It seems absurdly simple, but it is quite foreign to meteorology on our planet to have an impact crater affecting the global climate and weather patterns. That will be just another of those little things that will give future astronauts the "this isn't Kansas anymore" feeling as they live on another planet.

Re:Alien planet (5, Funny)

mmalove (919245) | more than 5 years ago | (#25107825)

"It seems absurdly simple, but it is quite foreign to meteorology on our planet to have an impact crater affecting the global climate and weather patterns."

Tell that to the dinosaurs...

Re:Alien planet (4, Funny)

fizzup (788545) | more than 5 years ago | (#25108577)

Tell that to the dinosaurs...

They aren't in Kansas anymore, either...

Re:Alien planet (1, Funny)

morgan_greywolf (835522) | more than 5 years ago | (#25109011)

Nope. They were outlawed there three years ago [democratic...ground.com] .

Re:Alien planet (1)

coolsnowmen (695297) | more than 5 years ago | (#25110081)

heh, make sure you don't miss the first two lines when reading that "article."

May 13, 2005
Satire by David Albrecht

Re:Alien planet (1)

morgan_greywolf (835522) | more than 5 years ago | (#25110261)

whooooooosh

Re:Alien planet (-1, Offtopic)

Anonymous Coward | more than 5 years ago | (#25110907)

morgan_greywolf@tampabay.rr.com

Re:Alien planet (Kansas) (1)

mikehoskins (177074) | more than 5 years ago | (#25113007)

Weather here (in Kansas) is fine, and we do have a lot of former astronauts and astronomers from Kansas.

We also have a must-see, while you're on the topic -- the Cosmosphere! It's got a *lot* more space artifacts than the Air and Space Museum.... Too bad it's in Hutchinson, KS, though:
    http://www.cosmo.org/ [cosmo.org]

Re:Alien planet (4, Informative)

ianare (1132971) | more than 5 years ago | (#25108633)

You seem to be confusing two different effects of a large asteroid impact - initial and long term.

One of the initial effects will be a huge cloud of dust, blocking almost all sunlight for years at at time - this is what caused the mass extinction at the end of the cretaceous. Others include giant tsunamis (if it crashes into a liquid), 'rain' of molten rock and ash, earthquakes, ect ...
However, on Earth, there are few long term effects, none of which include altering global weather patterns long term. This is due to our planet's ever-changing surface, with new land being created, land being destroyed, and of course continental drift. Mars has no active volcanism and no continental drift, therefore a surface feature which would be rapidly (in geological terms) altered on Earth would last for a very, very long time on Mars.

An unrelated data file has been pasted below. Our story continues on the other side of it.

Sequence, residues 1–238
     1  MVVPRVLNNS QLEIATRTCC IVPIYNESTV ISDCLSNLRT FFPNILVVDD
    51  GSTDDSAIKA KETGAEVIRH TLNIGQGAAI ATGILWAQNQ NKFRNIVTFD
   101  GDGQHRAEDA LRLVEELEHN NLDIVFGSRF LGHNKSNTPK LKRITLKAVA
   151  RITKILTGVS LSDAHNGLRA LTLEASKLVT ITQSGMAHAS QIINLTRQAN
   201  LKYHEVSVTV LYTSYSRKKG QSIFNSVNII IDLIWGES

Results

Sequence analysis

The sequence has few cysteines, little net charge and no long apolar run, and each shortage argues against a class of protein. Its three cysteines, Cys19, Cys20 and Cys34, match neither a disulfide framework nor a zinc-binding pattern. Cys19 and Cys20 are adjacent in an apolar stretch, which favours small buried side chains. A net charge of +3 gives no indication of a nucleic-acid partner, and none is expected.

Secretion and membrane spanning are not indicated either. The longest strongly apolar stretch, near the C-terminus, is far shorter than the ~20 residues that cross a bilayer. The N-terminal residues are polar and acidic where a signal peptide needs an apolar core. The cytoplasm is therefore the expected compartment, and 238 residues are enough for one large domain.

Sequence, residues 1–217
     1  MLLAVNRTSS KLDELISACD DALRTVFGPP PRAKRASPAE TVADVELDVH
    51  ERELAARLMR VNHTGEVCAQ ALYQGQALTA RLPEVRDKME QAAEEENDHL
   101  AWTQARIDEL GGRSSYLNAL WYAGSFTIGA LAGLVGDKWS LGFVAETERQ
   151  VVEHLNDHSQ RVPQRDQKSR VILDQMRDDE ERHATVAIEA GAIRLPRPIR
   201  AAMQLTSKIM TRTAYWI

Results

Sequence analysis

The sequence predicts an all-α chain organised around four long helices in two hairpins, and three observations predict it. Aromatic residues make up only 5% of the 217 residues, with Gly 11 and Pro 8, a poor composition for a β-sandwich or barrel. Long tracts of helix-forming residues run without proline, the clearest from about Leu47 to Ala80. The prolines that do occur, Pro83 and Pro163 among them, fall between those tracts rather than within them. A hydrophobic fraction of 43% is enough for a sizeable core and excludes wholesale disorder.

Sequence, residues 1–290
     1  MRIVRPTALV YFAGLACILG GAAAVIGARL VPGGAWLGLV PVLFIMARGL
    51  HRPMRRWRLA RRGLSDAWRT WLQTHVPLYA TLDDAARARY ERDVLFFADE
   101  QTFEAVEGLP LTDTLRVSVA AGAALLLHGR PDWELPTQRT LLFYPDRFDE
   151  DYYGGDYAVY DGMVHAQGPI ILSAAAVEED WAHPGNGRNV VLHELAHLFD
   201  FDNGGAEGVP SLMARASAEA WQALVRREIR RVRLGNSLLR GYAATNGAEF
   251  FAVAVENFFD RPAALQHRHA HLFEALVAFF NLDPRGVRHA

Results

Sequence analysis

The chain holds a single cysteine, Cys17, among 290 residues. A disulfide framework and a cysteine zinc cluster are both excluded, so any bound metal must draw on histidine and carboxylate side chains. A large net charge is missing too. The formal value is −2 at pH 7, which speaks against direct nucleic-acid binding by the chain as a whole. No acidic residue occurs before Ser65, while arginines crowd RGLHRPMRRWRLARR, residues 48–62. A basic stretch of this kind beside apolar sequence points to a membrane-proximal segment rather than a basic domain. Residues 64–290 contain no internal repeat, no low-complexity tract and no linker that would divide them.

Another thing is that we have a much thicker atmosphere, reducing the size of the asteroid before impact, AND the probability of it hitting solid ground as opposed to water is about 30/70.

Re:Alien planet (1)

danwesnor (896499) | more than 5 years ago | (#25108747)

I wonder if meteorologists on Mars break into regular programing every 15 minutes to tell Martians viewers that there's a thunderstorm 4 counties over.

Re:Alien planet (1)

mortonda (5175) | more than 5 years ago | (#25109449)

And they probably sound the sirens whenever there's one of those dust devils, too. *rolls eyes*

Re:Alien planet (1)

camperdave (969942) | more than 5 years ago | (#25109555)

We get broadcasts over here that there are severe weather warnings half a continent away. I don't know why Peachtree TV doesn't have a local feed and a syndication feed.

Re:Alien planet (3, Informative)

Anne_Nonymous (313852) | more than 5 years ago | (#25108317)

>> it is quite foreign to meteorology on our planet to have an impact crater affecting the global climate and weather patterns.

An impact crater, yes, but other geographic features (both much smaller and much larger than 2300 km) have a huge effect on terrestrial weather.

Re:Alien planet (0)

Anonymous Coward | more than 5 years ago | (#25108357)

Living on Mars?

How many asteroid belt object must we crash onto Mars to give it a sustainable atmosphere?

Re:Alien planet (1)

SatanicPuppy (611928) | more than 5 years ago | (#25110791)

Well, since most asteroid belt objects are rocky/metallic bodies, you could crash all of them into Mars and not make it in the least bit more livable than it is right now.

Now maybe water bearing Kuiper belt objects...

Re:Alien planet (2, Funny)

DinDaddy (1168147) | more than 5 years ago | (#25110813)

Finally, someone has solved the mystery of why weather prediction is called meteorology.

Re:Alien planet (1)

ClownSoup (1138593) | more than 5 years ago | (#25125025)

We don't have mountain ranges on earth that affect both local or global climate? Imagine that.

Bruce Lee rises from grave (-1, Offtopic)

Anonymous Coward | more than 5 years ago | (#25107821)

Oh, no, that's Christopher Lee. He is making Dracula 2010 and is back at Hammer. God Save the Queen and all that.

Marvin vindicated (4, Funny)

UnknowingFool (672806) | more than 5 years ago | (#25107823)

In a press statement, Marvin the Martian's publicist told reporters that Marvin felt joy that hey was vindicated by the scientists' report. "Marvin has said all along that the missing polar cap had nothing to do with his lifestyle decision in owning 12 Hummers or related to his Illudium Pu-36 Explosive Space Modulator factory emissions." The publicist did answer allegations that the factory used illegal cartoon workers that were drawn and not colored. A spokesduck from the leading cartoon union said, "For cartoons to be drawn and not colored, that's dessssssspicable!"